Chinks in the Climate Science Data
Consensus can be more robust than the data it rests on. That’s true in Darwinism, and appears to be true in climate science, according to some published doubts.
A guru can lie down on a bed of nails, provided all the nails are even and solid. If the guru lies down on a bed of spaghetti, something else must be holding him up, and it’s not the nails. Let the nails represent data points of solid empirical science. How solid are the data points under climate science?
In an episode of Tucker Carlson Tonight on Fox News August 8, filmmaker Josh Fox, a fast-talking environmental activist, wouldn’t allow Carlson to get a word in edgewise, which is quite a feat, knowing Carlson’s ability to hold his own in a debate. The guest hammered Carlson with the question, “Do you understand what the science is telling us about climate change?” Over and over he pounded away on that question, but the question presupposes that the science is solid and incontrovertible. Let’s examine some things that appeared recently in the pro-warmist science journals and news media. Readers can decide if these uncertainties are trivial or indicate a systemic, underlying problem with the consensus.
‘Dodgy’ greenhouse gas data threatens Paris accord (BBC News). “Potent, climate-warming gases are being emitted into the atmosphere but are not being recorded in official inventories, a BBC investigation has found.” That’s a startling admission from a news source heavily in favor of the warmist consensus. “Levels of some emissions from India and China are so uncertain that experts say their records are plus or minus 100%,” writes Matt McGrath, environment correspondent for the BBC. To show how serious this is, look what he reports next: “These flaws posed a bigger threat to the Paris climate agreement than US President Donald Trump’s intention to withdraw, researchers told BBC Radio 4’s Counting Carbon programme.”
These flaws posed a bigger threat to the Paris climate agreement than US President Donald Trump’s intention to withdraw.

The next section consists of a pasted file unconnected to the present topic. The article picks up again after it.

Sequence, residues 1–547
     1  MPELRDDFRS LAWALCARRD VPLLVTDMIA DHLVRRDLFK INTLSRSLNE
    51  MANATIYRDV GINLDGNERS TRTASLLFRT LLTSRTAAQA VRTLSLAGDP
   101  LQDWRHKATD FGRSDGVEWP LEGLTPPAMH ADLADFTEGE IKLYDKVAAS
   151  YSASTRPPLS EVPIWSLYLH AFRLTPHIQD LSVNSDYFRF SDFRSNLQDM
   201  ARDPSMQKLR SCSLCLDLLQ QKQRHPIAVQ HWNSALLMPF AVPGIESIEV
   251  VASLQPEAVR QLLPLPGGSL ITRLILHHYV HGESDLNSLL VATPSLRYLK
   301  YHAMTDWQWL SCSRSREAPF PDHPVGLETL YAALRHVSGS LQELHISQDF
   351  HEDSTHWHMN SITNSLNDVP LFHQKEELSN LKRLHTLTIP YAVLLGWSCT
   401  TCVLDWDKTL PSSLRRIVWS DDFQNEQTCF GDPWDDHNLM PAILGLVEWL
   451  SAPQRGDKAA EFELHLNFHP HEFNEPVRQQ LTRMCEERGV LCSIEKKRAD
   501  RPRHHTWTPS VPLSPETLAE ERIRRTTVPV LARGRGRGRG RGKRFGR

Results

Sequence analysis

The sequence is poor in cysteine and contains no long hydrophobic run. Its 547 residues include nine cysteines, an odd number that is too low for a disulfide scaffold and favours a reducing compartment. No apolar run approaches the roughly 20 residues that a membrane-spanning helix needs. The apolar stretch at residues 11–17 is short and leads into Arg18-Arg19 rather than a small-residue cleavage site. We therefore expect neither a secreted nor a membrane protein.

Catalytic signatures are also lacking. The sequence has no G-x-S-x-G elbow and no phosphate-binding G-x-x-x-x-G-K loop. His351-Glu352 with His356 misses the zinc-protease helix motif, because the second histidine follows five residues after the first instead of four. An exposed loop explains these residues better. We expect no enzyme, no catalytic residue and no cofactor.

Sea level is a surprisingly variable parameter (Phys.org). Sea level is zero, right? This article shows how complicated it is, even since the 1990s, to come up with a “reference model” for sea level. Remember this when the media give dire warnings about cities sinking under the ocean due to climate change:
The protracted debate about a common zero level has been eclipsed by the analysis of historical changes. Satellite data from the last 20 years show that sea levels vary greatly from region to region. Consequently, the focus is once again placed on regional levels. The first reliable data do not define a long-term average but rather a new zero point for research.
Decomposing leaves are a surprising source of greenhouse gases (Phys.org). Nitrous oxide (N2O) is more potent a greenhouse gas than the carbon dioxide (CO2) that everyone worries about. A new “culprit” for emissions of nitrous oxide has been found, and it’s not man or coal plants. It’s “Tiny bits of decomposing leaves in soil.” How potent is nitrous oxide? “Nitrous oxide’s global warming potential is 300 times greater than carbon dioxide, and emissions are largely driven by agricultural practices,” the article says. While the article only addresses farming practices, it would seem that natural leaf litter in forests cannot be ignored. Even so, measures of N2O emissions are “traditionally are about 50 percent accurate, at best,” the article notes.
Overlooked water loss in plants could throw off climate models (Nature News). The caption under a lovely photo of red tulips swaying in the breeze says, “In dry conditions, leaves might lose more water through their outer surfaces than scientists suspected.” As a consequence,